15th May 2012 0 comments

Welcome to part 3 of our mini series on making the most of social media, highlighting the special features of social media platforms and tools.

In the previous posts, we've looked at Twitter lists and Hootsuite's strength in scheduling and linking accounts, and last week we looked at Facebook's milestone feature as a dynamic way to communicate information about your brand and the usefulness of connecting Pinterest to Facebook an Twitter to call attention to your pins.

This week we are looking at the special features of Google+ and Crowdbooster.

 

Google+: Circles

Google+ has had mixed reviews on how it differs from Facebook, and with its similar layout and concept to Facebook some people have asked if it is really a unique social media platform.

Even though it has its critics, Google+ can be said to be the social media choice for business networking.

One of its main features which supports this is the 'circles' feature, not worlds away from Twitter's lists feature but much more widely used and appreciated.

These allow you to categorise followers and people you follow into specific groups, for instance 'social media', 'bloggers' etc., allowing you to deliver specific content to the specific circles which will find it the most interesting.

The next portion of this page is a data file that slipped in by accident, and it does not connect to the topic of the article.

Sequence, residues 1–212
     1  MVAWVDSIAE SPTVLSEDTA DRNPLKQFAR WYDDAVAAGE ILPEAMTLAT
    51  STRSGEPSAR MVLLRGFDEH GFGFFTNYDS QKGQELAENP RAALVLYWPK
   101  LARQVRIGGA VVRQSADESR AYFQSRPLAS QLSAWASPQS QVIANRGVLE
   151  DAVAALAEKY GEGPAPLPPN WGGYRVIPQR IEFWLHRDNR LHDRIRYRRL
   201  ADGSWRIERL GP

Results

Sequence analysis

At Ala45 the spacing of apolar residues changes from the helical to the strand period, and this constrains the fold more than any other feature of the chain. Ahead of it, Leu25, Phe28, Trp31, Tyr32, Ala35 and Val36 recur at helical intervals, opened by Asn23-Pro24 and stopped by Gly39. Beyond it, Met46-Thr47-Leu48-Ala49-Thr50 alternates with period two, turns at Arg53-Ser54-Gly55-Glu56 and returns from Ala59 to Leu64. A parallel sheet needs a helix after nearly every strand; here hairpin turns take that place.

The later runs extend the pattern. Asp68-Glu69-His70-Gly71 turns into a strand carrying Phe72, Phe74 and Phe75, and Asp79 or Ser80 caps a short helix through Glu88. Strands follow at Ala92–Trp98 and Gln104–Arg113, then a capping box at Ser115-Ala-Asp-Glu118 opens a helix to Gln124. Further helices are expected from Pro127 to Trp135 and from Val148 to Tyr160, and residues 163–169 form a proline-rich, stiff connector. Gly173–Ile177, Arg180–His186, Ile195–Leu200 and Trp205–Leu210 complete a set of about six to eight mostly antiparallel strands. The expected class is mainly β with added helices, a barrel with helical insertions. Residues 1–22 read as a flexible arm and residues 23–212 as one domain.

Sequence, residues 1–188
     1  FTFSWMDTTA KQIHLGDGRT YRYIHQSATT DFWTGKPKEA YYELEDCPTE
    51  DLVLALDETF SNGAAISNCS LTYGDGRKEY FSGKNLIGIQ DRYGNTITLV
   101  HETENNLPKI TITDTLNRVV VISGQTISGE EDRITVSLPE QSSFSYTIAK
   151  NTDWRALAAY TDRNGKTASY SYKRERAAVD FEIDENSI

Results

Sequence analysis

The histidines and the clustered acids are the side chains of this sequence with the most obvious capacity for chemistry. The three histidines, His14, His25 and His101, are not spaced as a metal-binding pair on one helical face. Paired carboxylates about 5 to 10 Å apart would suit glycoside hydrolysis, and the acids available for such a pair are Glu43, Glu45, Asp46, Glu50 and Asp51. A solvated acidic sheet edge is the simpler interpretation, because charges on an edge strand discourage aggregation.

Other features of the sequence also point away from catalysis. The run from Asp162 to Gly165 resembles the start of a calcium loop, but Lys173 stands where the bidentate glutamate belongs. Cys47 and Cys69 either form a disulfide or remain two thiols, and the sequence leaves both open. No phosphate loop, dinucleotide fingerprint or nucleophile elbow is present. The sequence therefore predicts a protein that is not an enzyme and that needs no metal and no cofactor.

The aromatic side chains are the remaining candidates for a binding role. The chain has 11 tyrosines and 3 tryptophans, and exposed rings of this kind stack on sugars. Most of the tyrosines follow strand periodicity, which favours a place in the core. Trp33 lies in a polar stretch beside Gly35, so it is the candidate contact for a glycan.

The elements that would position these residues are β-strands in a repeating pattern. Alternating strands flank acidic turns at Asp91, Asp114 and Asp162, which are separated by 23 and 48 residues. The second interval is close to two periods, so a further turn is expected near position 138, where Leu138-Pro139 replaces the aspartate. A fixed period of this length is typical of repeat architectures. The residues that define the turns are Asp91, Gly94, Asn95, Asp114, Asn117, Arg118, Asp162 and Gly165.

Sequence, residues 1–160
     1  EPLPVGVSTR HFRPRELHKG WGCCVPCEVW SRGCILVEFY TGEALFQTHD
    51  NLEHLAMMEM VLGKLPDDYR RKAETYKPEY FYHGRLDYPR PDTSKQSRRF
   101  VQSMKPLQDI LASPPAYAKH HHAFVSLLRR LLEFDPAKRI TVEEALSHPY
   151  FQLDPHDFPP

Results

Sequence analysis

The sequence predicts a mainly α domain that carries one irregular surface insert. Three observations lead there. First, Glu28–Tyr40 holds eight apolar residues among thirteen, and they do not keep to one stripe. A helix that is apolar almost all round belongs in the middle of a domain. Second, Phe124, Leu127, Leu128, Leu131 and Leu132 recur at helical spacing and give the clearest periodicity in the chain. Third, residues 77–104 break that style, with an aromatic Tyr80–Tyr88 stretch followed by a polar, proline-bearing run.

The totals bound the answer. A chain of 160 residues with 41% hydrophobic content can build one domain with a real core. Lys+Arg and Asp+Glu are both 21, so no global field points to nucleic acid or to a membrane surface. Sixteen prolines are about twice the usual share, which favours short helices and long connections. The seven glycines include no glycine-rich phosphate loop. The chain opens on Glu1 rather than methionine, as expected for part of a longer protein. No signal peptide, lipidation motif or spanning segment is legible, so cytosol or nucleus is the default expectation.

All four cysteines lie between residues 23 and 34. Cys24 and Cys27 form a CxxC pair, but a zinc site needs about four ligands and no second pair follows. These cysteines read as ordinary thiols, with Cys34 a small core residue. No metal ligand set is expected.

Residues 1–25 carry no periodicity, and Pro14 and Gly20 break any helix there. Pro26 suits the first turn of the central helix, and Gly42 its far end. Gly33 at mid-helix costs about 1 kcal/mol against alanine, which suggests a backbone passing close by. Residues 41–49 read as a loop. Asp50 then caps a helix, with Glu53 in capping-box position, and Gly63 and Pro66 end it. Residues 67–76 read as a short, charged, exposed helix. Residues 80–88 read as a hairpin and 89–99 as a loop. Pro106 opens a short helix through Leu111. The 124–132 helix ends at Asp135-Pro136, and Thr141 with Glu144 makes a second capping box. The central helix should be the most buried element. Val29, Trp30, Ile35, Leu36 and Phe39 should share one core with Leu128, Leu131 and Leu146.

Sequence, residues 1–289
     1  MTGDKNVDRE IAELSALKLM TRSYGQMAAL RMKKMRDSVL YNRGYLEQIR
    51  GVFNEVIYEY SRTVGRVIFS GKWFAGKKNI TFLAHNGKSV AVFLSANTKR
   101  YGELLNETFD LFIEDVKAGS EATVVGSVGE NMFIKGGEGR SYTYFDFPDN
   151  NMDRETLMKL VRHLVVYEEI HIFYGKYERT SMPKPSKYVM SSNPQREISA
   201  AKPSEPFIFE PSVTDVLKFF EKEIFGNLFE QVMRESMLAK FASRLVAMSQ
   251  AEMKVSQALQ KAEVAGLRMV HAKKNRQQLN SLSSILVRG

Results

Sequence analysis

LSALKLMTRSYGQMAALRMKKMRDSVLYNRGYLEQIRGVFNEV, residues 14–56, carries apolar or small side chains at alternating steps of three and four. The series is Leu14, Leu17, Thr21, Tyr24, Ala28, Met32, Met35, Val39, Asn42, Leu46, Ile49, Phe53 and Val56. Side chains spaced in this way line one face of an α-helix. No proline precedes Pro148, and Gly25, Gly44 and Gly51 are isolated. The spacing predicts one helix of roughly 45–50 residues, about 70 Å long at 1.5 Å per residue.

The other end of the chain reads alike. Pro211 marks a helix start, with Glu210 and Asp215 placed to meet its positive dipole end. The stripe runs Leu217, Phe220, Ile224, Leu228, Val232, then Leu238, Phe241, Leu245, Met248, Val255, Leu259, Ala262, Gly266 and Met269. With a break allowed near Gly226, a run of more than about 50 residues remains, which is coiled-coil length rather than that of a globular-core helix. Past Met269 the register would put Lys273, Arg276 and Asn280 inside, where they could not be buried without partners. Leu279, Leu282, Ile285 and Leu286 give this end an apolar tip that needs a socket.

Crowdbooster: impressions

Crowdbooster is an extremely useful social media tool which allows you to analyse the impact of the specific things you do on your Twitter and Facebook accounts in order to see what generates the most interest.

Crowdbooster is a free service (for up to 3 accounts for 1 Twitter and 1 Facebook account [see comment below]) that allows you to keep tabs on the amount of followers or page likes you progressively gain, it also analyses the impressions, or amount of people your tweets can reach by looking at the amount of retweets and shares your content gets.

This can be extremely useful information in telling you what your followers respond to most (and when).

Successful social media sites offer features which have enabled them to generate interest and become genuinely useful social sites, for personal and business use.

As social media sites acknowledge that their users often use more than one social media forum, many have embraced this by adding features which allow their users to post to more than one social media channel at once, or pull in posts from other channels.

This integration can be very important for businesses pressed for time, and in helping to widen visibility and appeal.

It is important to make the most of the individual features sites offer, whilst at the same time making the most out of the social media tools and site to site connections.

Return to Part One: Twitter and Hootsuite